The right of annexation

By Nadav Shragai, ISRAEL HAYOM

A powerful wind is now shaking the settlement enterprise and bringing with it new possibilities and new calculations. The new administration in Washington is still learning and “consolidating,” but the settlements are surely no longer a thorn in its side: The radical Left succeeded in forcing the national “right-wing” government, though the High Court of Justice, to evacuate a 20-year-old settlement, and it is now investing its efforts in additional “Amonas.”

And there is also the Judea and Samaria Regulation Law, which is not really a milestone, but a byroad. The High Court of Justice will probably close it to traffic soon.

Byroads of this kind, of craftiness and chicanery, which have been used for decades to establish the settlement project as the most correct and the most Zionist in the heart of the land of Israel, have exhausted themselves. The time has come to get back on track, to raise the bar with the United States, to try to achieve more.

In 1949, Prime Minister David Ben-Gurion declared Jerusalem the capital of Israel, saying that even though the decision would receive only one vote of support at the United Nations — Israel’s — this was the deciding vote. In 1981, Prime Minister Menachem Begin applied sovereignty to the Golan Heights. Now it is Judea and Samaria’s turn.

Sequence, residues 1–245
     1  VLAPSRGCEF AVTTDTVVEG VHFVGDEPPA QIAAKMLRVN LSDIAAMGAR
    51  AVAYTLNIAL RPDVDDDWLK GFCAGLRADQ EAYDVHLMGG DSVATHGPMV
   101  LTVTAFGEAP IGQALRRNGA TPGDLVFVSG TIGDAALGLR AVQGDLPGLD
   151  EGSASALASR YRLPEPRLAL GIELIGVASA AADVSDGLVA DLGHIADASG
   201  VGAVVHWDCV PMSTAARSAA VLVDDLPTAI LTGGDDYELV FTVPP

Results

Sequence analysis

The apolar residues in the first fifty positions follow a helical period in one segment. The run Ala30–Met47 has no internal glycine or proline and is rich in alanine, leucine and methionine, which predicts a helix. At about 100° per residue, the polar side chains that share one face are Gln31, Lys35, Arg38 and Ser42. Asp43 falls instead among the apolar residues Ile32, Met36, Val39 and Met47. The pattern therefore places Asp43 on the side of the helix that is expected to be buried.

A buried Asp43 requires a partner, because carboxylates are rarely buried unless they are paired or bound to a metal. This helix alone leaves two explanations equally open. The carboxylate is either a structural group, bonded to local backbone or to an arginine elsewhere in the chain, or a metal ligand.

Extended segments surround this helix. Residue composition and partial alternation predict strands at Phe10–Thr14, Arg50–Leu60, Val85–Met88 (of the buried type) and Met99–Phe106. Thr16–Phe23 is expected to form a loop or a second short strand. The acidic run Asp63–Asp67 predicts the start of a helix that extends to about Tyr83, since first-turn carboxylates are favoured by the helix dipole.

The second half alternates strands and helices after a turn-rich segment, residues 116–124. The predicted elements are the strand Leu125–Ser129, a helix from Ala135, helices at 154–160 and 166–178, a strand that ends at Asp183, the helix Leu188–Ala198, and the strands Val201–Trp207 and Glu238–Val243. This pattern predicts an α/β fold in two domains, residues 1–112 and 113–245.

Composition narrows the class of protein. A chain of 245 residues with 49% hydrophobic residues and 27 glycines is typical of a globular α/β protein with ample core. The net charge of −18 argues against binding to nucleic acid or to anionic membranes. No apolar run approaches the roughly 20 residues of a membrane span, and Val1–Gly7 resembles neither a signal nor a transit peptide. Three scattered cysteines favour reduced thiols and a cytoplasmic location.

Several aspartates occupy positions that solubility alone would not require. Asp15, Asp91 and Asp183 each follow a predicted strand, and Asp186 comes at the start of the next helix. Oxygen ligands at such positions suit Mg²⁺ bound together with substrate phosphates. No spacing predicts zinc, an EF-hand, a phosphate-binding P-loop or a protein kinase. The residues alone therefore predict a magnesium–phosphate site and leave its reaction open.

In my opinion, the “Palestinian state minus” paradigm to which Prime Minister Benjamin Netanyahu referred was from the outset nothing more than a maneuver that bought us time, a type of smoke screen. The world never bought it, and rightly so. It also brought a building freeze in the settlements and in Jerusalem upon us, and mainly an unrealistic expectation on the part of much of the world that the idea would be realized.

Netanyahu was once the best at providing arguments against the 1993 Oslo Accords. His writings then, including “A Place Among the Nations,” remain convincing today. But now the world asks us: How can you promise the Palestinians a state while at the same time building and expanding Jewish communities in the “occupied” territories that are seemingly meant to be handed over when it is established? How would that work out?

I don’t believe it does.

On Feb. 15 at the White House, we must tell President Donald Trump and the world that we are returning to our basic truth: our right to the land of Israel. We are not the conquerors of our own land. The opposite is true: We have emancipated it from the occupation of others. Trump needs to hear that our interest in Judea and Samaria is first and foremost of a historical-religious-nationalist-conscious nature, and that security is a tool for realizing that right, and not the opposite. The Palestinians stick to their truth and speak in the language of rights. We should also go back to that.